Banks Are Buying Bonds

By Steven Van Metre
Steven Van Metre
Steven Van Metre
Steven Van Metre, CFP, designs and manages unique investing strategies. He has a YouTube show where fans across the globe tune in to hear his thoughts on the global economy, monetary policy, and the markets.
January 3, 2022Updated: January 6, 2022


Inflationists are cheering the rise in lending growth as it appears to be a sign of reflation and economic growth as we head into the new year. With the Fed rapidly tapering its balance sheet, a rise in lending growth is providing validation that inflation is here to stay and that perhaps the economy is on the edge of a long-anticipated secular rise in inflation.

Despite the increase in lending growth and the new money that’s created from it, it still isn’t enough to sustain inflation.

New money enters the financial system when a new loan is originated from the commercial banking system. Based on the most recent data from the weekly report on the assets and liabilities of commercial banks in the United States, or H.8 report, loans and leases at all commercial banks are rising at a rate of 3.1 percent from this time last year. Lending growth has been steadily rising since it bottomed at minus-4.7 percent on a year-over-year basis in early May 2021.

It makes sense that an increase in bank lending, which in turn creates new money, should lead to higher inflation. However, history shows the relationship between the two is rather weak. High annualized rates of lending growth haven’t contributed to higher rates of inflation since the mid-1980s, indicating other deflationary forces are offsetting the creation of new money from the commercial banking system.

Up until the middle of the Great Financial Crisis, loans and leases at all commercial banks and deposits at all commercial banks rose in tandem. After the Great Financial Crisis, deposit growth accelerated at a much faster rate than lending growth. Rising deposits are deflationary as money idles in bank accounts rather than being put to productive use in the real economy.

In the decade leading up to the Great Financial Crisis, the loan-to-deposit ratio was no less than 0.90, indicating there was slightly more money on deposit than there was in outstanding loan balances. Since the Great Financial Crisis, the ratio has steadily fallen and is now just below 0.60 as banks seem unable to lend fast enough against this ever-increasing level of deposits.

From the commercial banks’ perspective, they still need to pay interest on these idle deposits. In an ideal scenario, the commercial banks would lend against these deposits and use the interest from the loans to pay the depositors. Without enough lending growth, the commercial banks are forced to buy U.S. Treasury securities to pay the interest on those excess deposits.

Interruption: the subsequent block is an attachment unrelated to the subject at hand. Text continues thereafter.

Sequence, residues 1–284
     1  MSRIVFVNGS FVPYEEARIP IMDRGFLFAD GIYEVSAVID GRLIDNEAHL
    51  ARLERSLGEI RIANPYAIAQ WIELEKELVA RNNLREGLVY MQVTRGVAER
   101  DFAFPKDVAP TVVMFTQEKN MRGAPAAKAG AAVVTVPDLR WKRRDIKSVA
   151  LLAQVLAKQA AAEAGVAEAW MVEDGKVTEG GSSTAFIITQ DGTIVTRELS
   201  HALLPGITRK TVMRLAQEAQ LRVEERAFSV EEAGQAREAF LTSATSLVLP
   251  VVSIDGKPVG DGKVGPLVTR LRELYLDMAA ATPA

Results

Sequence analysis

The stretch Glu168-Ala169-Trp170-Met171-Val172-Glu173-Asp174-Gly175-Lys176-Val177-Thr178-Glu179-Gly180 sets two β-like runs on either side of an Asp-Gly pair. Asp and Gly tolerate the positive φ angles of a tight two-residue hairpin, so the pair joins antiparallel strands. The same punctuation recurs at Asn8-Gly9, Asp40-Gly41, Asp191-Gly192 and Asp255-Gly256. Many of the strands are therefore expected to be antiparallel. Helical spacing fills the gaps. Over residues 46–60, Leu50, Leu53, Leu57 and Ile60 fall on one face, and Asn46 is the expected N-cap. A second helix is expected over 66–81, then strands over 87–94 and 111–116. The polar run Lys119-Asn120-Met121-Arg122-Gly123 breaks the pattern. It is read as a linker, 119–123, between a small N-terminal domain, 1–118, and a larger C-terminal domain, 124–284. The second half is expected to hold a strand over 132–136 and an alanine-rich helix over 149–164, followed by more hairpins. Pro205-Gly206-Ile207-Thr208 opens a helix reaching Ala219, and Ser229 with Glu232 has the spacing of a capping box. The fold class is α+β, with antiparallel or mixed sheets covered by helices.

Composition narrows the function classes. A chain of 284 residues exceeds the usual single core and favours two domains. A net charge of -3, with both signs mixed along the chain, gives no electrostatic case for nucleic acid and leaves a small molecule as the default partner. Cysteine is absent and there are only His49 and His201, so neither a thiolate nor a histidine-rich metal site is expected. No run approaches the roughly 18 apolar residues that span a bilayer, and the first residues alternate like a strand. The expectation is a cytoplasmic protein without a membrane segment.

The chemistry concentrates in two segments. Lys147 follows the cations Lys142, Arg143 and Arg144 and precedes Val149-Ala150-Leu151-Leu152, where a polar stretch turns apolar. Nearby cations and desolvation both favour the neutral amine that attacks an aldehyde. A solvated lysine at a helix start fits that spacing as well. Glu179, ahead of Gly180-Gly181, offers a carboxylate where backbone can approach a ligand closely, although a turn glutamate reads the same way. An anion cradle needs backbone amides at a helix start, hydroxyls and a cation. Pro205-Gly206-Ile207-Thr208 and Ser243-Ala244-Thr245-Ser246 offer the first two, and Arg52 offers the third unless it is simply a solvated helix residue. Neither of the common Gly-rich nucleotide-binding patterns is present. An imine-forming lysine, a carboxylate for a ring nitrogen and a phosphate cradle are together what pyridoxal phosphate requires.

When new cash enters the commercial banking system, the commercial banks know approximately how long the cash will stay on deposit depending on if it’s a consumer or commercial deposit. Since the commercial banking system is reserve-based, the commercial banks convert those new cash deposits into bank reserves by purchasing U.S. Treasury securities with customer-deposited money.

A bank reserve is nothing more than a deposit that’s backed by the U.S. government in the form of a U.S. Treasury security. The commercial bank uses the interest from the Treasury securities to pay interest on the deposits. When the amount of money on deposit exceeds the amount of money on loan, the commercial banks must buy Treasury securities to fill in the gap.

As commercial banks demand more Treasury securities to convert customer deposits into bank reserves, interest rates tend to fall. Since the mid-2000s, there’s nearly a 90 percent correlation between the commercial bank loan-to-deposit ratio and 10-year Treasury yields. As money on deposit continues to increase, Treasury yields continue to decrease as a byproduct of the creation of bank reserves.

With short-term interest rates at historically low levels and few alternatives for consumers to generate a higher return on their savings, commercial bank deposits are likely to continue rising. Unless there’s a large increase in lending demand to fuel a surge in lending growth, commercial banks will be forced to continue turning deposits into bank reserves. As banks demand more government debt to back bank deposits, interest rates will remain low and likely go lower.

While inflationists are cheering an increase in commercial bank lending as a sign of reflation, their view remains short-sighted to the bigger disinflationary picture created by a rapid increase in bank deposits. As long as deposits continue to grow at a faster rate than loans, interest rates will remain low. Based on the design of our financial system, banks will continue buying bonds that will keep interest rates low, regardless of how hot inflation might get.

Most inflationists believe interest rates must rise as inflation rises but, despite rising inflation, yields remain low. The reason yields have remained low and will continue to remain low has nothing to do with inflation but the fact that the commercial banks are buying bonds with customer deposits.

Views expressed in this article are the opinions of the author and do not necessarily reflect the views of The Epoch Times.